VMware: Recover vCenter Single Sign On (SSO) master password

VMware vSphere Web Client - vCenter Single Sign On InformationDuring the installation of the VMware vSphere Web Client I had to provide vCenter Single Sign On Information. Since no additional accounts / groups where granted SSO admin privileges (see VMware vSphere 5.1 Documentation Center)  the only account that had sufficient privileges was the default SSO admin user admin@System-Domain. The credentials of this account are provided during installation of the vCenter Single Sign On Service.

Unfortunately the password of the default SSO admin account was unknown. In this article I’ll explain how to change the password of the default SSO admin account.

Master password

VMware provides us with a solution to reset the password of the default SSO admin account (KB2034608) but it requires the master password. The master password is set during installation, the password provided for the default SSO admin account is used as master password, but it is not the same password as the default SSO admin account.

Although we can change the password of the default SSO admin account (admin@System-Domain), changing the master password is not possible (or supported). After the password of the default SSO admin account is changed the master password is still unusable.

Default SSO admin account

The vCenter Single Sign On Service stores all data in a databases, including the principals. The credentials of the default SSO admin account are stored in the IMS_PRINCIPAL table. One of the stored properties is a SSHA-256 (salted) hashed password. Changing the password is as easy as replacing the hash (also known as pass the hash) from a clean vCenter SSO service installation.

Schubis wrote a (german) article how to generate a new hash and how to replace it in your existing vCenter SSO setup. Unfortunately this requires you to built a lab environment with a SQL server and vCenter Single Sign On service, which is time consuming.  Since you can change the password afterwards, I might as well provide you with some pre-created hashes:

Passw0rd!
{SSHA256}B6HO7UNHVi5fglh1RpJXX4z1maGJ9lcicTVcy94ztsmzAekseg==

VMware1234!
{SSHA256}KGOnPYya2qwhF9w4xK157EZZ/RqIxParohltZWU7h2T/VGjNRA==

 

Recover access

If you need to recover access of the default SSO admin account please follow the following three steps:

1. Reset password to temporary password

Connect to the SQL database (default is RSA) and execute the statement below to reset the password of the default SSO admin account to Password!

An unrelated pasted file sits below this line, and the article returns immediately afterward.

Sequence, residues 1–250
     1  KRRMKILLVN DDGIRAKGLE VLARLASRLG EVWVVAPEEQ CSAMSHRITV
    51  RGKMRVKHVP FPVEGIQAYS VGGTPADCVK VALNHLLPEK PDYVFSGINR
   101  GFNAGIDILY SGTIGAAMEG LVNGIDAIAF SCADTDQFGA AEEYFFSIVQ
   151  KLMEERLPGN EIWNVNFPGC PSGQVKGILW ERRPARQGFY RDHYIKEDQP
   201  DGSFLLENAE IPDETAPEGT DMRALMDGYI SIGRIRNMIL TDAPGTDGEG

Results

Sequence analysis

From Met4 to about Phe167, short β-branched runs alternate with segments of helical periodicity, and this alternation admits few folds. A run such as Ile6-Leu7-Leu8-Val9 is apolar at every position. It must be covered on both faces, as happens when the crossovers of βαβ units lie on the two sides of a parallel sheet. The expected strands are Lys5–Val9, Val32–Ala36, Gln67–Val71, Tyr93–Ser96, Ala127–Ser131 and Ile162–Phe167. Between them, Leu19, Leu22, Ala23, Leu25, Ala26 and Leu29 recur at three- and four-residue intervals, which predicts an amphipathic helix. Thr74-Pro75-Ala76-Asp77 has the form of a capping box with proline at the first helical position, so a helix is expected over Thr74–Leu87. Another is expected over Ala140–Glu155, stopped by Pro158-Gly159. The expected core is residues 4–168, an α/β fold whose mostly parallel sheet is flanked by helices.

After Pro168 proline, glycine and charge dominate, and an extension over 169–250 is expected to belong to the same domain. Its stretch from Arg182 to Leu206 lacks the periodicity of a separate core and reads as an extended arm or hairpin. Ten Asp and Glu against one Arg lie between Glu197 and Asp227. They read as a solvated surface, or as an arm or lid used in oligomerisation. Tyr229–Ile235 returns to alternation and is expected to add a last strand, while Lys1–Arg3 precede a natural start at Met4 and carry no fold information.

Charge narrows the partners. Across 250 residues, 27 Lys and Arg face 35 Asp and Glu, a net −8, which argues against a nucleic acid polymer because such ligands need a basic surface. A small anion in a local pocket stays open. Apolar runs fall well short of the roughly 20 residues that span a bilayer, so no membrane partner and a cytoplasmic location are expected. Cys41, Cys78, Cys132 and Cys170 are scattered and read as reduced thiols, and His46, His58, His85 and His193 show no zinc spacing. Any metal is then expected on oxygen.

UPDATE
	 [Dbo]. [IMS_PRINCIPAL]
 SET
	 [PASSWORD] = '{SSHA256}B6HO7UNHVi5fglh1RpJXX4z1maGJ9lcicTVcy94ztsmzAekseg=='
 WHERE
	 LOGINUID = 'admin'
 AND
	 PRINCIPAL_IS_DESCRIPTION = 'admin'

 

 

2. Restart vCenter SSO service

Restart the service “vCenter Single Sign On” to apply the changes.

vCenter Single Sign On - Properties

 

3. Change the password the default SSO Admin account

Connect to the VMware vSphere Web Client and authenticate with the new default SSO credentials (username : admin@System-Domain and password : Passw0rd! ).

 

VMware vSphere Web Client - Authentication

 

Navigate to Home > Administration > SSO Users and GroupsHome - Administration - SSO Users and Groups

 

Select the default SSO admin account > Action > Edit UservCenter Single Sign On Users and Groups - admin

 

Change the password of the default SSO admin account to your preferred password

admin - Edit


Please avoid the use of special characters in your SSO administrator password like (^ * $ ; ” ’ ) < > & | \ _”), non-ASCII characters and trailing “ “ space as the vCenter SSO service cant’ handle it (KB2035820)!

 

Lessons learned

To avoid this situation in the future I wrote down some lessons I learned. Although their very obvious, it’s good to keep them in mind.

  • Always store the master password in a safe location
  • Grant additional users / groups administrative SSO admin privileges
  • Preferably add an Active Directory integrated group in __Administrators__
  • Database administrators (DBA) can get access to your VMware vCenter by replacing a simple hash

 

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Was once an enthusiastic PepperByte employee but is now working at Citrix. His blogs are still valuable to us and we hope to you too.